1st Edition

Global Antitrust Trade and Competition Linkages

By Yusaf H. Akbar Copyright 2003

    This title was first published in 2003. This text offers an analysis of the linkages between trade policy and competition policy. It is a case study-based book that explores the conflicts and complementarities between these policy domains given different industry conditions and market structures. The essential argument is that as the complexity of markets and industry structures increases, the relationships between trade and competition grow in complexity also. The book attempts to classify these different industry conditions into four categories: natural resource, complex manufacturing, R+D intensive and internationally traded service industries. The book offers specific case studies in natural resource and complex manufacturing sectors. Given the proposals at the World Trade Organization concerning the internationalisation of antitrust policies, this text should serve as a useful guide to both academics and policymakers alike.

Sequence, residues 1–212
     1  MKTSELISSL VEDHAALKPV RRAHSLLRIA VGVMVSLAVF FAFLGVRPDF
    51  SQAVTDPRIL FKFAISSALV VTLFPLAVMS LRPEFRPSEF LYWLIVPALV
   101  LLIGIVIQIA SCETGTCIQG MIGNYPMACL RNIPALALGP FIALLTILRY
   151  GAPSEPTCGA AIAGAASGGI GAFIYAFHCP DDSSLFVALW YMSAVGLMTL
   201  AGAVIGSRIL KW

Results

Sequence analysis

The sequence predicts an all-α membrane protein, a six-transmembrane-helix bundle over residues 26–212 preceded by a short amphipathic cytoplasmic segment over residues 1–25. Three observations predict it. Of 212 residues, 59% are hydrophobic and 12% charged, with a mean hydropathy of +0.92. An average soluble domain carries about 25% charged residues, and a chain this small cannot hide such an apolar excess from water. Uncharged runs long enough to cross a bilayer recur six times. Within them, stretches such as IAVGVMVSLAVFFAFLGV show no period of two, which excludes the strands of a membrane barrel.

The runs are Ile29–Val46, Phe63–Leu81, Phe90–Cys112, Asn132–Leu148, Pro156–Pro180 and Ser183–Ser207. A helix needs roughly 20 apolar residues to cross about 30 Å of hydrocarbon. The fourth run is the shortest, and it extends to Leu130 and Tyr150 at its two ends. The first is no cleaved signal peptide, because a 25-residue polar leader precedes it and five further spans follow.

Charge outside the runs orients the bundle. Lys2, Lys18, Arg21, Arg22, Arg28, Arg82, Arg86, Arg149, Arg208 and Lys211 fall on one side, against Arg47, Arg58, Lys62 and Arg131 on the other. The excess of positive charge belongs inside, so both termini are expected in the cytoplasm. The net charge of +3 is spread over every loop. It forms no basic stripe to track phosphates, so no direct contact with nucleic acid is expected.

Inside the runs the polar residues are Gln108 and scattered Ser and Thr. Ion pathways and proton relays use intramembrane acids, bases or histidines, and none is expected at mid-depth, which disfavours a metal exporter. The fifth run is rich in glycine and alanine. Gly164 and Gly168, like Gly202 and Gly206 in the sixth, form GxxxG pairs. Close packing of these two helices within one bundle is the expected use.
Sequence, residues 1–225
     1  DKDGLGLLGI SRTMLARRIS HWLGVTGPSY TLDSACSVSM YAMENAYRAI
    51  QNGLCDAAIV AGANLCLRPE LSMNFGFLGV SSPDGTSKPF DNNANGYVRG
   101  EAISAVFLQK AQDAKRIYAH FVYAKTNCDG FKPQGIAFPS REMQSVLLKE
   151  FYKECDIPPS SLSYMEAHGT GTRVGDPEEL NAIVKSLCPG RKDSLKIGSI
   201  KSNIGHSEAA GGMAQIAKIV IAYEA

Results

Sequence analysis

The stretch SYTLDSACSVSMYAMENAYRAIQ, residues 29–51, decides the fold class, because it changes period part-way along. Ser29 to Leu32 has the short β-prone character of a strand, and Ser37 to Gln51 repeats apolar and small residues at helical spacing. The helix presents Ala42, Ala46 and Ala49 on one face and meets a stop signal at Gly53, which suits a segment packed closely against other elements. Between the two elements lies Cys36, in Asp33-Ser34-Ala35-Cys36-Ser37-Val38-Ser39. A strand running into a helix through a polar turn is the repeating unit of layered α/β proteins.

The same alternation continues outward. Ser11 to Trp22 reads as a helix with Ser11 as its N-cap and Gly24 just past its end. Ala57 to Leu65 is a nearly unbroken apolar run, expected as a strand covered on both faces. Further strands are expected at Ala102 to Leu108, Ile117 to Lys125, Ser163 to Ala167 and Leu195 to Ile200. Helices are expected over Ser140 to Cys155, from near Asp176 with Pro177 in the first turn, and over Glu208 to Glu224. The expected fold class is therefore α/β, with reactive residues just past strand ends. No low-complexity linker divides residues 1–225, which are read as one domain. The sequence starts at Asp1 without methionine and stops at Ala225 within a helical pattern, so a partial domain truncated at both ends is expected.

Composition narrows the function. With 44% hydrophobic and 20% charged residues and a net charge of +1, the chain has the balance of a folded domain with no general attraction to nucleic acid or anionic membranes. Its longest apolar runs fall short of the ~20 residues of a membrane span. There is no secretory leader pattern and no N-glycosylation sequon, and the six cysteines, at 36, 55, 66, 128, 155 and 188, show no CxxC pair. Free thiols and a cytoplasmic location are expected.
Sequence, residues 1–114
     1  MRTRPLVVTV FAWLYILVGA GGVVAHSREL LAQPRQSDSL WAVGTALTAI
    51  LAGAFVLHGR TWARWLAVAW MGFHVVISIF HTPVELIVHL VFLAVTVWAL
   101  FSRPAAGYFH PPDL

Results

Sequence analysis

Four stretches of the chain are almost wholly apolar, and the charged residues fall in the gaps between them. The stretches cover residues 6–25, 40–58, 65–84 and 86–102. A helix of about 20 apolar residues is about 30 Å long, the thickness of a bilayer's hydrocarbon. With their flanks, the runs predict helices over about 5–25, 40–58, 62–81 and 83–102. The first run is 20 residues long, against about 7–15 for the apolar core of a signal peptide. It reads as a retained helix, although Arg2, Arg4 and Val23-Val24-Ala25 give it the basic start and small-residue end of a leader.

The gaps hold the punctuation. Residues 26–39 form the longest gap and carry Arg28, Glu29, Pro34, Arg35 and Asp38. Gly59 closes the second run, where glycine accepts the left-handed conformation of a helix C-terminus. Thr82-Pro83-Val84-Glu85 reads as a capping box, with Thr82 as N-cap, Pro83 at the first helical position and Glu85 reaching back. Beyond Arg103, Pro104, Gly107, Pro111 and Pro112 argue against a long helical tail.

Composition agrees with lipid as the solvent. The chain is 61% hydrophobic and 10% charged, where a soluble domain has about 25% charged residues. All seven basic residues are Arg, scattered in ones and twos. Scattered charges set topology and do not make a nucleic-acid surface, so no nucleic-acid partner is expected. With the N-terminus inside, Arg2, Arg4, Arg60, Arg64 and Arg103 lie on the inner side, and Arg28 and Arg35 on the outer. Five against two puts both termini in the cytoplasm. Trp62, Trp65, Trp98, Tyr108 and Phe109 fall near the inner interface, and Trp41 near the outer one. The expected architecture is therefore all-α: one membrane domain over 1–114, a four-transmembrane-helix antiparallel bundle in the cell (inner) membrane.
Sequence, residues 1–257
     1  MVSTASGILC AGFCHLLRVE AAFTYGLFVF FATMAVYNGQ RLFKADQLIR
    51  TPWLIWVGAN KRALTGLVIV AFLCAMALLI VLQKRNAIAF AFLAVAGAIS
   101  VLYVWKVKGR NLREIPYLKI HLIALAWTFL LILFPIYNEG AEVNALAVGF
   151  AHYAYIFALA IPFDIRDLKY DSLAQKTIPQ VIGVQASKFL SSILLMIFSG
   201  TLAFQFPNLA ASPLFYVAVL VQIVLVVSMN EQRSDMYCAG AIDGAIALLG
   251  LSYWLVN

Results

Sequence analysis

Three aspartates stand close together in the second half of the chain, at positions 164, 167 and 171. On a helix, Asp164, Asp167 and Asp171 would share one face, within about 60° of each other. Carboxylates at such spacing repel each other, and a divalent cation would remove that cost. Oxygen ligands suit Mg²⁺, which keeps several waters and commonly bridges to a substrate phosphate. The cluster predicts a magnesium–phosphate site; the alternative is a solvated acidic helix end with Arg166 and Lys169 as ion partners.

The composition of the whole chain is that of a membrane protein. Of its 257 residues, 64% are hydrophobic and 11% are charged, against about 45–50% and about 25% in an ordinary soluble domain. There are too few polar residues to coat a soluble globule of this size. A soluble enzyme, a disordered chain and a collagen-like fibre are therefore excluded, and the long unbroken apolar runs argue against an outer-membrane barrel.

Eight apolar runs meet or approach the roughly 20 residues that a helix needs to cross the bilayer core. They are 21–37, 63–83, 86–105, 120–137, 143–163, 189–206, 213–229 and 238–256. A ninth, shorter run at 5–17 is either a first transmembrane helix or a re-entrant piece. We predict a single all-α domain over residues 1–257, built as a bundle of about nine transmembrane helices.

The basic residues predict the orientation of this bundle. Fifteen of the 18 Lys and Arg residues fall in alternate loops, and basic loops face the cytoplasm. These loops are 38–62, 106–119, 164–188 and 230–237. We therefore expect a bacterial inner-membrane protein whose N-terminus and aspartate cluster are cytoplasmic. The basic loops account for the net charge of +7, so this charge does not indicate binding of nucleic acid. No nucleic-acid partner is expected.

Contents: Introduction; Developing a conceptual framework; Natural resources; Complex manufacturing industries; Trade, antitrust and extraterritoriality; Conclusions; Bibliography; Index.


    Yusaf H. Akbar

    '...It contains a detailed and very thorough attempt to discuss how different forms of market structure and firm behaviour impact on trade and how, in turn, trade policy and competition policy affect the behaviour and performance of firms..."Global Antitrust" is essential reading for anyone working in this field, who needs to be informed about the results of recent theoretical and empirical research taking place in this area.' Nigel Grimwade, London South Bank University, UK 'Yusaf Akbar has produced a very interesting series of case studies of the interaction between international trade and anti-competitive behaviour in several important industries... He has developed a valuable conceptual framework to show how the technological nature of sectors affects the scope for the effectiveness of trade policy and what this implies for international competition arrangements.' Peter Holmes, University of Sussex, UK